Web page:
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As South Africa’s President Cyril Ramaphosa begins his term as chairperson of Africa’s premier instrument aimed at promoting good governance among member states, his country has a perfect opportunity to set a good example by using the process to review its own governance failures, writes Steven Gruzd, a leading continental expert on the subject.

JOHANNESBURG – On February 8 in Addis Ababa, South Africa’s President Ramaphosa began a two-year tenure as the chairperson of the African Peer Review Mechanism (APRM).

South Africa was a critical player in conceptualising and creating the continent’s main governance promotion and monitoring instrument, back in the heady days of President Thabo Mbeki’s “African Renaissance” in the early 2000s.

South Africa houses the APRM secretariat and has injected millions into supporting the system over the years. As the country undertakes its second year on the UN Security Council and also chairs the African Union (AU) in 2020, it has a unique opportunity to provide visionary political leadership once again to elevate good governance, at home and abroad.

South Africa says it is ready for the challenge. Ramaphosa told South African diplomats last month that as APRM chair, “South Africa will be primarily responsible for driving the APRM’s good governance agenda. The delivery of… good governance through democratic practice and economic growth reduces political tensions in countries with social divisions.”

He highlighted good governance – along with economic integration and women’s empowerment – as one of three main priorities for South Africa’s chairing of the AU, which, he added, “must be underpinned by the promotion of a peaceful and secure Africa.”

South Africa’s Minister of International Relations and Cooperation, Dr. Naledi Pandor, has similarly peppered recent speeches with references to the centrality of good governance and the APRM.

South Africa has long stressed that without good governance in Africa, there cannot be real peace or prosperity. Promoting governance, therefore, gels well with the AU’s 2020 theme, “Silencing the guns: creating conducive conditions for Africa’s development.”

The APRM Secretariat, under its CEO Professor Eddy Maloka, has forged stronger ties with the AU’s African Peace and Security Architecture and African Governance Architecture, and they work together on early warning systems for conflicts.

While the APRM is not the right tool for tackling hot conflicts, its thorough research has proven adept at identifying conflict fault lines, from xenophobia in South Africa to electoral violence in Kenya and Islamist threats in Mali and other Sahel states. If only these countries had heeded the warnings. The APRM cannot put out fires but can advise countries on where to place the firebreaks.

But the APRM doesn’t come cheap. According to figures in the 2018 APRM Continental Secretariat Report, the South African government contributed $10,7 million to the APRM between 2004 and 2018. The APRM’s total income in this period was $48,8 million, meaning that Pretoria footed almost 22 percent of the APRM’s hefty bill. In comparison, the next highest contributor was Nigeria ($5,6 million), followed by Algeria ($2,5 million) and Kenya ($2,1 million).

The numbers demonstrate the substantial investment that South Africa has made in the APRM, and by extension in promoting good governance.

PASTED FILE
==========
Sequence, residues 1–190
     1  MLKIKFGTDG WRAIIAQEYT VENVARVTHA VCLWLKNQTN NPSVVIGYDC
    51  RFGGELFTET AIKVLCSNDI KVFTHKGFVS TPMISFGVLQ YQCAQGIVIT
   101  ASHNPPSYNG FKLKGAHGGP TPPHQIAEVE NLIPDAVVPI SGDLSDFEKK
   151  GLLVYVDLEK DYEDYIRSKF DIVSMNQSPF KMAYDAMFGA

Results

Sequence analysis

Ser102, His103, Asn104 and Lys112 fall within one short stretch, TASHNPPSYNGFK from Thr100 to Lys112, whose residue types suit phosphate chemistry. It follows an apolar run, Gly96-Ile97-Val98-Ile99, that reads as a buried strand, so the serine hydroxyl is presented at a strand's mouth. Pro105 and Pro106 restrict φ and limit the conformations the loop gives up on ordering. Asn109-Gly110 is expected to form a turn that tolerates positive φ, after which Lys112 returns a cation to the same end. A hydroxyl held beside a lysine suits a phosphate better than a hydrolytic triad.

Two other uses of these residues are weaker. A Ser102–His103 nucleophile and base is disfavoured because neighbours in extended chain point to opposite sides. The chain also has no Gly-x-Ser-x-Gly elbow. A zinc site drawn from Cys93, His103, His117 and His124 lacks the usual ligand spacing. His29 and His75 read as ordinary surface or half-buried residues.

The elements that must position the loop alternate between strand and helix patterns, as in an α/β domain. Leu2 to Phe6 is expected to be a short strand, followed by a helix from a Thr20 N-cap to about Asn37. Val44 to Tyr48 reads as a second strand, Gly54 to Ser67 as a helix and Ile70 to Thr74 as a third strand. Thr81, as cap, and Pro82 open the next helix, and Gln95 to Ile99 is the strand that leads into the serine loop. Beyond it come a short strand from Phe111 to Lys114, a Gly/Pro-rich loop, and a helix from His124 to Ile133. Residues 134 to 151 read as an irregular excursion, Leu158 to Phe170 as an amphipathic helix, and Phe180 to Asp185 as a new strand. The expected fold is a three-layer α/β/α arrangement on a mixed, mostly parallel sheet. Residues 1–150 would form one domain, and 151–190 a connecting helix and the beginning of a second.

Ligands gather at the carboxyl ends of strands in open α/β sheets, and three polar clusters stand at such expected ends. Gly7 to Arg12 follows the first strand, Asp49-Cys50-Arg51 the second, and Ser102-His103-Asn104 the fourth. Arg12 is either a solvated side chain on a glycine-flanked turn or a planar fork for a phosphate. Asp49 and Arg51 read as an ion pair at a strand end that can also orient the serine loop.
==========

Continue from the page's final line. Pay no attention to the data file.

However, the dynamics have changed and the APRM now receives the bulk of its budget directly from the AU as an “autonomous entity” and no longer relies on (usually tardy) country contributions.

One of the biggest disappointments of the APRM has been that the peers – the participating heads of state and government – have been too gentle with one another. The original vision of a robust, frank, gloves-off debate among presidents about problems in their countries and calling them to account for anti-democratic behaviour has proved elusive.

APRM Forum meetings seldom have more than a dozen of the 40 presidents attending, and the conversations are more congratulatory than critical.

Review reports are given too little time for interrogation by the peers.

Thus the APRM is in danger of becoming an expensive box-ticking exercise that generates long reports that no one ever reads.

South Africa should exert its influence to change the tone and tenor of these conversations. It should also work to speed up the public release of the reports, as stipulated in APRM rules.

The country has a perfect opportunity to lead by example. It has committed to undertake its second-generation review this year, some 13 years after the first review was conducted in 2007. Despite promises under the administration of President Jacob Zuma, this second review never materialised. Given the revelations about the extent of corruption and state capture under his tenure, it’s hardly surprising.

Ramaphosa has begun the arduous task of cleaning up the rot, repairing institutions and restoring confidence in South Africa once again.

Domestically, he could now use the APRM to spur and support his reform agenda, and link it more directly to South Africa’s national budget and its National Development Plan. The last time around, the APRM seemed to sink without a trace, and had little policy impact. This cannot happen again.

If South Africa conducts an open, participatory, credible and rigorous APRM process, that honestly describes and accepts past failures and seeks solutions, this will have a demonstration effect for its peers. If it is over-sensitive, obfuscating and stage-manages a superficial review process, this will give the green light for other states to have substandard APRM processes too.

Leading the APRM this year is an opportunity that the country cannot afford to squander. SAIIA

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